TY - JOUR

T1 - The extremal index, hitting time statistics and periodicity

AU - Freitas, Ana Christina

AU - Freitas, Jorge

AU - Todd, Michael John

PY - 2012

Y1 - 2012

N2 - The extremal index appears as a parameter in Extreme Value Laws for stochastic processes, characterising the clustering of extreme events. We apply this idea in a dynamical systems context to analyse the possible Extreme Value Laws for the stochastic process generated by observations taken along dynamical orbits with respect to various measures. We derive new, easily checkable, conditions which identify Extreme Value Laws with particular extremal indices. In the dynamical context we prove that the extremal index is associated with periodic behaviour. The analogy of these laws in the context of hitting time statistics, as studied in the authors’ previous works on this topic, is explained and exploited extensively allowing us to prove, for the first time, the existence of hitting time statistics for balls around periodic points. Moreover, for very well behaved systems (uniformly expanding) we completely characterise the extremal behaviour by proving that either we have an extremal index less than 1 at periodic points or equal to 1 at any other point. This theory then also applies directly to general stochastic processes, adding both useful tools to identify the extremal index and giving deeper insight into the periodic behaviour it suggests.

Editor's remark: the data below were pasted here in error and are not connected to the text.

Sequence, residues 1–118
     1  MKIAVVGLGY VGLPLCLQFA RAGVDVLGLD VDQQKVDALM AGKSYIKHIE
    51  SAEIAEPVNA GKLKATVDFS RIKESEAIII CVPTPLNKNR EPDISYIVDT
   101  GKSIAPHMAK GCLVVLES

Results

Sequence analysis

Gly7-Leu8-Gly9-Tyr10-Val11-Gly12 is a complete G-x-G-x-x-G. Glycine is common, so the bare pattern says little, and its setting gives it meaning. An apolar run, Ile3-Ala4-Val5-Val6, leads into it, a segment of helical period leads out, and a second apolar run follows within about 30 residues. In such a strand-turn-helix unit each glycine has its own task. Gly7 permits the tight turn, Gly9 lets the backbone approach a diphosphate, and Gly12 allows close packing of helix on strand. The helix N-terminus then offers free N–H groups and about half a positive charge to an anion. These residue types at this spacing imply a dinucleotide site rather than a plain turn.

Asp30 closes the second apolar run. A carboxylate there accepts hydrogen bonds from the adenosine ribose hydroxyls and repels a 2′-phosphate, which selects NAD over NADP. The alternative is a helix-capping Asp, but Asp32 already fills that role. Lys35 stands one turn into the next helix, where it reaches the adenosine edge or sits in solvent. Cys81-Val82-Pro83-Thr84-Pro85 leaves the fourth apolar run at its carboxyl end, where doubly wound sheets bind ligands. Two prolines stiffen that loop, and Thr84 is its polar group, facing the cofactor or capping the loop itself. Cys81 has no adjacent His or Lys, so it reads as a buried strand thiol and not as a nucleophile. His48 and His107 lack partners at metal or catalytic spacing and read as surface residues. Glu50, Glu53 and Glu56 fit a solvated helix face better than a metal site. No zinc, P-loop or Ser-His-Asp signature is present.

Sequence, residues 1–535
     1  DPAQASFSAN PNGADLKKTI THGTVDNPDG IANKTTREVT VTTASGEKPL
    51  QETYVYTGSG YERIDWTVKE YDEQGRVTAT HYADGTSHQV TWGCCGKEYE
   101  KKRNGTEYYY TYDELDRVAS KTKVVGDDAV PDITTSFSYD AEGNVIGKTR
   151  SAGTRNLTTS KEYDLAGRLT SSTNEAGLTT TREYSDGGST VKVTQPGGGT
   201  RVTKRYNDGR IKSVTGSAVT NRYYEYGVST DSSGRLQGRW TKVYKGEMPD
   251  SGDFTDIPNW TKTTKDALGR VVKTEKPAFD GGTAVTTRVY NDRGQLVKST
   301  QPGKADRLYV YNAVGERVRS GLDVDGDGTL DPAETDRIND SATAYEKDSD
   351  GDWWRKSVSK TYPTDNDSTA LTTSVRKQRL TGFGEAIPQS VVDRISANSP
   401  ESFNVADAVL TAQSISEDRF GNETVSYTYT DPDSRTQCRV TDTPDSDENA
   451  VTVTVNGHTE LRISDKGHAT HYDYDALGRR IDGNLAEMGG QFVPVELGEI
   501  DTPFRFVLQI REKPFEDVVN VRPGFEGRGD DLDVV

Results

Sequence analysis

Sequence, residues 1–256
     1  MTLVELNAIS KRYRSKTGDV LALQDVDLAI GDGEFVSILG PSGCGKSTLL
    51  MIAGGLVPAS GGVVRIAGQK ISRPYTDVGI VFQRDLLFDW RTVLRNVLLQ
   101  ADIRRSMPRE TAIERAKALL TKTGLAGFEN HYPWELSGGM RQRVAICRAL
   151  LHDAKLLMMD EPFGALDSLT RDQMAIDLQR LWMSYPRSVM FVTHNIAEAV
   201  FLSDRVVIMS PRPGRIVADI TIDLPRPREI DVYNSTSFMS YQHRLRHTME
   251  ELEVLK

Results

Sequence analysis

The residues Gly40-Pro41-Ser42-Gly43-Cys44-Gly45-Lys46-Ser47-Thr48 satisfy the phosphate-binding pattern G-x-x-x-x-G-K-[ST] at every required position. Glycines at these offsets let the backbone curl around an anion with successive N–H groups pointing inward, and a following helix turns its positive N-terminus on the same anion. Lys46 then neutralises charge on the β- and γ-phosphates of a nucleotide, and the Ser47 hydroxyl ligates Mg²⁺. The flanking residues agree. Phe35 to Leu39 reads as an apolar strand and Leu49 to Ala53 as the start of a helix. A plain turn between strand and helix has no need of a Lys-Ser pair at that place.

AB - The extremal index appears as a parameter in Extreme Value Laws for stochastic processes, characterising the clustering of extreme events. We apply this idea in a dynamical systems context to analyse the possible Extreme Value Laws for the stochastic process generated by observations taken along dynamical orbits with respect to various measures. We derive new, easily checkable, conditions which identify Extreme Value Laws with particular extremal indices. In the dynamical context we prove that the extremal index is associated with periodic behaviour. The analogy of these laws in the context of hitting time statistics, as studied in the authors’ previous works on this topic, is explained and exploited extensively allowing us to prove, for the first time, the existence of hitting time statistics for balls around periodic points. Moreover, for very well behaved systems (uniformly expanding) we completely characterise the extremal behaviour by proving that either we have an extremal index less than 1 at periodic points or equal to 1 at any other point. This theory then also applies directly to general stochastic processes, adding both useful tools to identify the extremal index and giving deeper insight into the periodic behaviour it suggests.

U2 - 10.1016/j.aim.2012.07.029

DO - 10.1016/j.aim.2012.07.029

M3 - Article

SN - 0001-8708

VL - 231

SP - 2626

EP - 2665

JO - Advances in Mathematics

JF - Advances in Mathematics

IS - 5

ER -